FORSYTHE, JAY (1847–1936).
A cattleman, a rancher, an entrepreneur, and a Tulsa pioneer, Jay Forsythe, born in Tennessee on August 31, 1847, spent his formative years in Lawrence County, Missouri. In 1867 he joined his brothers on a ranch in Clay County Texas. Later the four brothers expanded their operation, moving their headquarters to Fort Worth, then to Gainesville, and then to Childress County, Texas. The brothers leased up to three hundred thousand acres. As Forsythe conducted cattle drives to Kansas through Indian Territory, he became enchanted with the territory's land. He ranched in the Chickasaw Nation and then in the Cherokee Outlet, at one time securing a contract with Darlington Agency to supply beef to the Cheyenne and Arapaho. In 1872 Forsythe married Virginia Colley, and the couple had two daughters, Lottie and Jessie.
In 1892 Forsythe relocated to the Tulsa area, leasing thirty thousand acres from George Perryman. There he ran cattle and partnered with Texas cattleman Shanghai Pierce to fatten herds on the Creek land. Forsythe also built Tulsa's first flour mill and later its first ice plant. In 1895 he founded the town's first bank, the Tulsa Banking Company, which became the First National Bank. In 1899 Forsythe, James Monroe Hall, and other Tulsa pioneers purchased the former Presbyterian Mission School, holding the deed at no interest until the city could repay the purchase price, to use for Tulsa public education. Until Forsythe's death on August 26, 1936, he continued to be a Tulsa civic leader, active in recruiting railroads and businesses and in aiding education.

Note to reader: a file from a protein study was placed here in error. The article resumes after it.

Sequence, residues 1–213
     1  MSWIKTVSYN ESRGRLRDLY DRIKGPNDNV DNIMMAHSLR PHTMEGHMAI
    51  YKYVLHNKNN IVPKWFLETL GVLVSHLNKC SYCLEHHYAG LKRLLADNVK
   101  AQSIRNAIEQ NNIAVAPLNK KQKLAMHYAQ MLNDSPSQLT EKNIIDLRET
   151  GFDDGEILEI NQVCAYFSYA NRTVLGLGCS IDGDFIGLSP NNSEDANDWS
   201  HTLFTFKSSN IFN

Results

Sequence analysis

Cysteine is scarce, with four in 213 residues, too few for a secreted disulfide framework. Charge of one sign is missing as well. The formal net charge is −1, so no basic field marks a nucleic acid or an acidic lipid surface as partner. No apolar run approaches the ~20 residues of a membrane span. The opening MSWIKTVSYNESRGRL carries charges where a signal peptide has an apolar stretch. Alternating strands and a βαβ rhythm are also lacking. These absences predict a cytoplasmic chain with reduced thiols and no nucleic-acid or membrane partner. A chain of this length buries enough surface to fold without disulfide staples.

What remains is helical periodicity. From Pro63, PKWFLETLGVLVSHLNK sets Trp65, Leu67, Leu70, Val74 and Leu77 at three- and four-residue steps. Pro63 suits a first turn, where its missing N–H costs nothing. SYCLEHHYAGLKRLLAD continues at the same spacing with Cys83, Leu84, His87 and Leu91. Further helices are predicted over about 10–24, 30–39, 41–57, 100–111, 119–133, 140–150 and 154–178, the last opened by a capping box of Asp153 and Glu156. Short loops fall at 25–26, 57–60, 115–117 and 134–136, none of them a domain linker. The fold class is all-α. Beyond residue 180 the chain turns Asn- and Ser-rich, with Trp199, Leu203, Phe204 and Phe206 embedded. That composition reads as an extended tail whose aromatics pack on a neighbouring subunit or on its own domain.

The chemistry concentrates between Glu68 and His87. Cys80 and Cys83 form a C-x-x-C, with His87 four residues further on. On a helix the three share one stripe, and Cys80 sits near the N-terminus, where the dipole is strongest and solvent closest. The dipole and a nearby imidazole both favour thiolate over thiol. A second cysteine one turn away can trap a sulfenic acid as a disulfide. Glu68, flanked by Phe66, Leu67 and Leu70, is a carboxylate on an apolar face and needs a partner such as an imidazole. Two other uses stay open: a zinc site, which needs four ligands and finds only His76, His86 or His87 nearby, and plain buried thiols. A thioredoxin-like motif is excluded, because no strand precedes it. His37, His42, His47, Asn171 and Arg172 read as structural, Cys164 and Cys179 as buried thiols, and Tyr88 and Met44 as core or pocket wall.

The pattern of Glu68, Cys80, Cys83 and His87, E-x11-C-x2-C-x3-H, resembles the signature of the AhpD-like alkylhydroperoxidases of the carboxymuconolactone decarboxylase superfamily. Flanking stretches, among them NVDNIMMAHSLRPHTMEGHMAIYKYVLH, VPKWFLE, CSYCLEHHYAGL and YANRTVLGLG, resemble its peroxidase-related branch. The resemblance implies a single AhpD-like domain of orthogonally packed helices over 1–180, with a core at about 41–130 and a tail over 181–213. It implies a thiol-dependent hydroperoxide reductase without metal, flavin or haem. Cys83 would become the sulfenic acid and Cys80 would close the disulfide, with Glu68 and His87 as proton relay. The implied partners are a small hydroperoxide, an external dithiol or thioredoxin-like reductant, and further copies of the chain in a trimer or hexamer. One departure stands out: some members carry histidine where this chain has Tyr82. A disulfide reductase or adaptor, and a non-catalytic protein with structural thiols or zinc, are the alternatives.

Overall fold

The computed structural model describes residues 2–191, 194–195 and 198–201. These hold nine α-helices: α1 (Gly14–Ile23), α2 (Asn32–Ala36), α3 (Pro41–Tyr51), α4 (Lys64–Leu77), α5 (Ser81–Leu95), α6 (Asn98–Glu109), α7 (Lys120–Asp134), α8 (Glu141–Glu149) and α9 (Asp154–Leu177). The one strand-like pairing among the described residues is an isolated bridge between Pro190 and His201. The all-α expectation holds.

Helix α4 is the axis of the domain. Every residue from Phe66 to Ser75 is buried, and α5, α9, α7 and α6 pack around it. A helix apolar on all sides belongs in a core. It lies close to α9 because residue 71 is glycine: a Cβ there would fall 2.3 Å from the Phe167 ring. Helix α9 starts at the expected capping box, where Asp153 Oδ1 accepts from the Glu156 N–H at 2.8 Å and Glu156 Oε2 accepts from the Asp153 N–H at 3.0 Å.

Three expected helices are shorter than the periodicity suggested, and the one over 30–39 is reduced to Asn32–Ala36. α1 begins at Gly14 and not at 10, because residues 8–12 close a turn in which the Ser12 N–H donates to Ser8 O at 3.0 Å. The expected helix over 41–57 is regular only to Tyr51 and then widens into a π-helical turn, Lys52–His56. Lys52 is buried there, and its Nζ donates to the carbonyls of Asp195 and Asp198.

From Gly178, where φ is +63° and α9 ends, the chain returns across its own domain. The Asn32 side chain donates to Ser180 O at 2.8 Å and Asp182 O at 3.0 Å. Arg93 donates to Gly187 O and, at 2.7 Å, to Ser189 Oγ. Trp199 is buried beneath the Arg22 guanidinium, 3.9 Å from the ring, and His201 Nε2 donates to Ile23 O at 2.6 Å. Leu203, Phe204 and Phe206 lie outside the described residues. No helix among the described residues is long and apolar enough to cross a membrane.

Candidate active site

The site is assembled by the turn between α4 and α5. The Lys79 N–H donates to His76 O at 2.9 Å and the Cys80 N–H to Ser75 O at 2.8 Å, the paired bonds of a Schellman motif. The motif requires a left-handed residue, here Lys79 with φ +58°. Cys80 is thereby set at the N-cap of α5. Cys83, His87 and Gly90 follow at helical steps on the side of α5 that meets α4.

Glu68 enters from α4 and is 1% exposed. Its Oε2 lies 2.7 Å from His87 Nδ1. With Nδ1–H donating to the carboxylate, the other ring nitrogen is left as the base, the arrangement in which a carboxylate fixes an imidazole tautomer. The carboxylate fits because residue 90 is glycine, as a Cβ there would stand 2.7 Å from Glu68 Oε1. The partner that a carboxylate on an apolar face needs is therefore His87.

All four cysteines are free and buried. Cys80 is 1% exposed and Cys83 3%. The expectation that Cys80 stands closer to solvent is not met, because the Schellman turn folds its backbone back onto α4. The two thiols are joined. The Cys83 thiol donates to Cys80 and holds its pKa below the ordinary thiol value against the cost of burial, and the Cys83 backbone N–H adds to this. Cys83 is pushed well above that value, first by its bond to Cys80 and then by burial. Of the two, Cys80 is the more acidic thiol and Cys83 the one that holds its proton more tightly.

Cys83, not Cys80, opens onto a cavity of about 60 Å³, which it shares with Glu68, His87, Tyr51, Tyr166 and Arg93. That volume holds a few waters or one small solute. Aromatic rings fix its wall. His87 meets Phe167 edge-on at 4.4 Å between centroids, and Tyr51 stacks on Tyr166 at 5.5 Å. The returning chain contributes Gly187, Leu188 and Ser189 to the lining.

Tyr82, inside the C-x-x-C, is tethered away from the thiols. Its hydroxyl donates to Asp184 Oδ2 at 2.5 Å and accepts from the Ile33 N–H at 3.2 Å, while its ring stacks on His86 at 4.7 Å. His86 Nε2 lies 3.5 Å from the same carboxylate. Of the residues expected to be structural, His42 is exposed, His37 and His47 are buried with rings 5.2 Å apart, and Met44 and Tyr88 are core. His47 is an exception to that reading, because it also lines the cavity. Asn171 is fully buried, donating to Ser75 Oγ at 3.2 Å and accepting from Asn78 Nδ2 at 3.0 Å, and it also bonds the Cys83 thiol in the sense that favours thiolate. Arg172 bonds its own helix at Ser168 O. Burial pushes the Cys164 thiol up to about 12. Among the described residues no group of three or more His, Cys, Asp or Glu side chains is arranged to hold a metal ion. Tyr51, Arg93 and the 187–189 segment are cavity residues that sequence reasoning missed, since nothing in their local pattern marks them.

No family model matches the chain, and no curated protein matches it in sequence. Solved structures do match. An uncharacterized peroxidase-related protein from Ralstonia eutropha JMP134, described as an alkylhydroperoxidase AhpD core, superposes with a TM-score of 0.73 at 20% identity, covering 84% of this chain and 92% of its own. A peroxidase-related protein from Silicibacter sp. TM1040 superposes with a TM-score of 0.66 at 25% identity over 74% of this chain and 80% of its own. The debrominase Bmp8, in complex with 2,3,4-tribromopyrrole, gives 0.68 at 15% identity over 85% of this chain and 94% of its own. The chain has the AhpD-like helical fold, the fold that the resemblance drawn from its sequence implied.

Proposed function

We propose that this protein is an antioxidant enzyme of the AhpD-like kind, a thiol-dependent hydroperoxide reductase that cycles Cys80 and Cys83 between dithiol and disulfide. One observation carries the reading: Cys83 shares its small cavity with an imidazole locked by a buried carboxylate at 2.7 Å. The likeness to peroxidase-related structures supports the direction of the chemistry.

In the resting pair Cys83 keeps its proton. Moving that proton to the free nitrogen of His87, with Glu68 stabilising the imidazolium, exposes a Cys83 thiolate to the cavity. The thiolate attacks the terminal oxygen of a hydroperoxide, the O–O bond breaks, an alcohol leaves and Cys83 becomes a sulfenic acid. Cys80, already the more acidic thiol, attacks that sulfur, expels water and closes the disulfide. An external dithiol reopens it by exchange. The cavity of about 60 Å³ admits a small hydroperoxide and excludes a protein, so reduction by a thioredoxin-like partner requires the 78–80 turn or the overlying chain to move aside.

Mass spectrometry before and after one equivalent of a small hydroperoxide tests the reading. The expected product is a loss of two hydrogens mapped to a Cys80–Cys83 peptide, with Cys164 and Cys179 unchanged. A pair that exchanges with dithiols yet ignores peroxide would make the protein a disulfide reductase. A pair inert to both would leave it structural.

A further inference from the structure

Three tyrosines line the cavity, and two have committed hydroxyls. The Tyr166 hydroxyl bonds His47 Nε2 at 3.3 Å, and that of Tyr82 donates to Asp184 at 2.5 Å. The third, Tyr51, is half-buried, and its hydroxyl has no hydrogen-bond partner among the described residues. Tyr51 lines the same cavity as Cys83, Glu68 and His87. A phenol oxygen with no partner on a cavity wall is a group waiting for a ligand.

D. C. Gideon, Indian Territory: Descriptive, Biographical and Genealogical, Including the Landed Estates, County Seats with a General History of the Territory (New York: Lewis Publishing Co., 1901).
Danney Goble, Tulsa! Biography of the American City (Tulsa, Okla.: Council Oak Books, 1997).
Tulsa (Oklahoma) World, 27 August 1936 and 29 July 1950.
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The following (as per The Chicago Manual of Style, 17th edition) is the preferred citation for articles:
Larry O'Dell, “Forsythe, Jay,” The Encyclopedia of Oklahoma History and Culture, https://www.okhistory.org/publications/enc/entry.php?entry=FO027.
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